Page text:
A balloon rumored to have been launched by North Korea briefly entered the airspace of South Korea
, days after a similar balloon was downed in the United States.
The South Korean Ministry of Defense
said on Feb. 6 that the Republic of Korea (ROK) Armed Forces responded to the threat
with "unspecified measures." It later concluded that the said balloon did not pose a threat.
An unnamed military official told the Yonhap
news agency and Korean media outlet KBS
that a front-line unit spotted the balloon via a thermal monitoring device at 6:30 p.m. local time on Feb. 5. The two-meter-long balloon had been flying at a low altitude when it was spotted at Yeonchon in Gyeonggi province, located near the border of the two Koreas.
The official said the balloon left South Korea's airspace after several hours, adding that ROK Armed Forces did not do any military actions after it was identified as a weather balloon. Meanwhile, the Korean Central News Agency
(KCNA) – the hermit kingdom's official mouthpiece – did not issue a statement regarding the incident.
The incident happened just days after the U.S. shot down a suspected Chinese surveillance balloon
as it drifted toward the Atlantic Ocean. A fighter jet from the U.S. Air Force shot down the balloon over the waters of North Carolina following initial hesitation by the Biden administration. Beijing did not take too kindly to Washington's decision to shoot down the balloon, promising "repercussions." (Related:
Communist China admits to flying spy balloon over military sites.
According to a Reuters
report, Seoul had been victimized by intrusions from Pyongyang in December. Five North Korean drones crossed the demarcation line between the two nations on Dec. 26, with one drone briefly entering the no-fly zone around the Blue House – the office of the South Korean president.
The said drones, which flew over South Korea for hours before leaving, prompted a mobilization of the ROK Air Force's fighter jets and helicopters. The military was criticized for failing to bring down the drones, however.
Pyongyang gearing up for war against Seoul
On Feb. 6, North Korean supreme leader Kim Jong-un presided over the meeting of the Central Military Commission (CMC) of the Workers' Party of Korea. According to a KCNA
report, this meeting focused on "major military and political tasks" for 2023. Moreover, the CMC discussed "the issue of constantly expanding and intensifying the operation and combat drills of the Korean People's Army (KPA) to cope with the prevailing situation and more strictly perfecting the preparedness for war."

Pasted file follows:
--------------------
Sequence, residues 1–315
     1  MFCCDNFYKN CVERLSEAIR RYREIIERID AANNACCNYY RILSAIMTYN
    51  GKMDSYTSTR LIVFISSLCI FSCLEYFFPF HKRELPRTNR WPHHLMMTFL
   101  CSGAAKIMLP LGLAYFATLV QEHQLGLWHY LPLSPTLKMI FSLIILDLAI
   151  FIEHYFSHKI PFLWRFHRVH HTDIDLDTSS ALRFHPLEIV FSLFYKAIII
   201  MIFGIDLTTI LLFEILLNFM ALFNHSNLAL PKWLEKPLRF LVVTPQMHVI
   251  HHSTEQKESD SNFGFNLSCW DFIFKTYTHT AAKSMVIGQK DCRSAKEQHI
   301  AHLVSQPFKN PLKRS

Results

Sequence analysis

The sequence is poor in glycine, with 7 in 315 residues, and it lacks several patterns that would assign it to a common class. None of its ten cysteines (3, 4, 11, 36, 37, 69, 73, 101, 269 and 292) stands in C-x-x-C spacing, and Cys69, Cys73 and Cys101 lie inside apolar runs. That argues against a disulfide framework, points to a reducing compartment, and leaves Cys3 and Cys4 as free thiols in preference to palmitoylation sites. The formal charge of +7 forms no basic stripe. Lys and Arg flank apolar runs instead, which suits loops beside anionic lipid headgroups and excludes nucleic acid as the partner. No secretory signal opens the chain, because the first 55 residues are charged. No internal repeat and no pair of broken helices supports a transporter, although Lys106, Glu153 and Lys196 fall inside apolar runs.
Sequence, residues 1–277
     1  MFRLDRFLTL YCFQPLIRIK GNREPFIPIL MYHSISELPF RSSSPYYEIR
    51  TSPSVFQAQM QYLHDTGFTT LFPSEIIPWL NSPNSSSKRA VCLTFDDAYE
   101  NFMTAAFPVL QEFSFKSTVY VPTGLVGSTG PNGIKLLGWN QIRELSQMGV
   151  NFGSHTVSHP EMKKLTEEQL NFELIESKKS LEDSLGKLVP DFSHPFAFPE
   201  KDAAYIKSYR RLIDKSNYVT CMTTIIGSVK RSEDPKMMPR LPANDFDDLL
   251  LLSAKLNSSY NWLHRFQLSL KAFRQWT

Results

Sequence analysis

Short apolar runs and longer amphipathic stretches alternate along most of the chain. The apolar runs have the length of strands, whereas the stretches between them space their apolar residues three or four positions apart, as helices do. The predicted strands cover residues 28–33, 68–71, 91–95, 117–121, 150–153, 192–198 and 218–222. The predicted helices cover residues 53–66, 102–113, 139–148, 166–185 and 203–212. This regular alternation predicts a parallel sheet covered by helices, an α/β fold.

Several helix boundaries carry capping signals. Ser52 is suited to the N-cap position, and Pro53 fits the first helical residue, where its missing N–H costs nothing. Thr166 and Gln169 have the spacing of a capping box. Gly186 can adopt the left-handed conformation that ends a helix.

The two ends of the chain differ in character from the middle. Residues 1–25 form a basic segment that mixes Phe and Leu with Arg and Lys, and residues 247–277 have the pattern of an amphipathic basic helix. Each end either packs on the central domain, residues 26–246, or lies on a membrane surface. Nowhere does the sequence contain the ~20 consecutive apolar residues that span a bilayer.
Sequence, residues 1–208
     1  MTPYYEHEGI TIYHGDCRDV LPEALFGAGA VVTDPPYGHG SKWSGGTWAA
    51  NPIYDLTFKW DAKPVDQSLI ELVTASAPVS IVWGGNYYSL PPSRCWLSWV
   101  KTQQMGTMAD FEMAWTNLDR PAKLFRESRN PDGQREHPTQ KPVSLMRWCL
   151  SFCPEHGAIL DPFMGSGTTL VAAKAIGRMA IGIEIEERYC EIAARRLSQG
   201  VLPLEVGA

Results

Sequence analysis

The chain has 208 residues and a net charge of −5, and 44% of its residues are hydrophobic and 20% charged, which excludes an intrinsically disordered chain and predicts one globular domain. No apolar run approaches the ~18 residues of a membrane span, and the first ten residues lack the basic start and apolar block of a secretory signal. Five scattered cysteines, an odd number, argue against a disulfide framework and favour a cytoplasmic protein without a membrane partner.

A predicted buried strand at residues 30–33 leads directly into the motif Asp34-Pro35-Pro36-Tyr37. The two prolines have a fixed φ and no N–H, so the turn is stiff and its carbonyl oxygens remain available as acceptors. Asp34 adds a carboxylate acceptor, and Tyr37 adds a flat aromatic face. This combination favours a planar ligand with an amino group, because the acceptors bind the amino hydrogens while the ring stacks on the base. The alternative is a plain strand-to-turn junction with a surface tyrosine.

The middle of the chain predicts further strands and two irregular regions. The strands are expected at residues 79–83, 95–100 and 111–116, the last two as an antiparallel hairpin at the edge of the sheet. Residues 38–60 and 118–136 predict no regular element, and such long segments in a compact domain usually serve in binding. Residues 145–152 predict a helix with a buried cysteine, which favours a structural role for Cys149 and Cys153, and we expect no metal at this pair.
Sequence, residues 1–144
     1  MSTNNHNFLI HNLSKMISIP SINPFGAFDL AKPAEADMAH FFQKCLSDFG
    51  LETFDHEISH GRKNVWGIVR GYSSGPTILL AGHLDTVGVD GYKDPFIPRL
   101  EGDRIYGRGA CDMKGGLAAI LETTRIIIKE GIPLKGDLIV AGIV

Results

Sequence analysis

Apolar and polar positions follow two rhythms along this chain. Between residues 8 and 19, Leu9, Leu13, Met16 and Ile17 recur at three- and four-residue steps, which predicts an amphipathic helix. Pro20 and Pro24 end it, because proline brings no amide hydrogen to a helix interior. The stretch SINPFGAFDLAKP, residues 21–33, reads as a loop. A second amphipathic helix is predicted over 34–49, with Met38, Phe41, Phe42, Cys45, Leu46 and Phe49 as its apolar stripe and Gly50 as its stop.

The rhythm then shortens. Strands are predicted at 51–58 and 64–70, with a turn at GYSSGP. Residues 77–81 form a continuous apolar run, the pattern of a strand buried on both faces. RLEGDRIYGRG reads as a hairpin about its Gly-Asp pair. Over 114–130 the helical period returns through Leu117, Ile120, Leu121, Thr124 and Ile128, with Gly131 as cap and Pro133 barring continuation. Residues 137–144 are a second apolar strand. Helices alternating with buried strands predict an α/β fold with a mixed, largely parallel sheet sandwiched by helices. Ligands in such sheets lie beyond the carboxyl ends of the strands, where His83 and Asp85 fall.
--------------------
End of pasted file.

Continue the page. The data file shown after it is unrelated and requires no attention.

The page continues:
Pyongyang convened the meeting after it vowed to counter the U.S. military with the "most overwhelming nuclear force." Its vow followed a pledge by U.S. Defense Secretary Lloyd Austin to deploy more military assets to defend South Korea.
A statement by the North Korean Ministry of Foreign Affairs
published by KCNA
said the expansion of joint military drills between Washington and Seoul pushed the security situation on the Korean Peninsula to an "extreme red line." Moreover, it lamented how the exercises are turning the region into "a huge war arsenal."
It added that the KPA will retaliate against military action based on the principle of "nuke for nuke and an all-out confrontation for an all-out confrontation." The ministry ultimately warned that the Democratic People's Republic of Korea – North Korea's formal name – "will make clearer its deterring activities without fail … if the U.S. continues to introduce strategic assets into the Korean Peninsula and its surrounding area."
for more stories about a potential war brewing in the Korean Peninsula.
Listen to the Health Ranger Mike Adams as he warns about North Korea's capability to launch a nuclear strike
against the United States.
This video is from the Health Ranger Report channel on Brighteon.com
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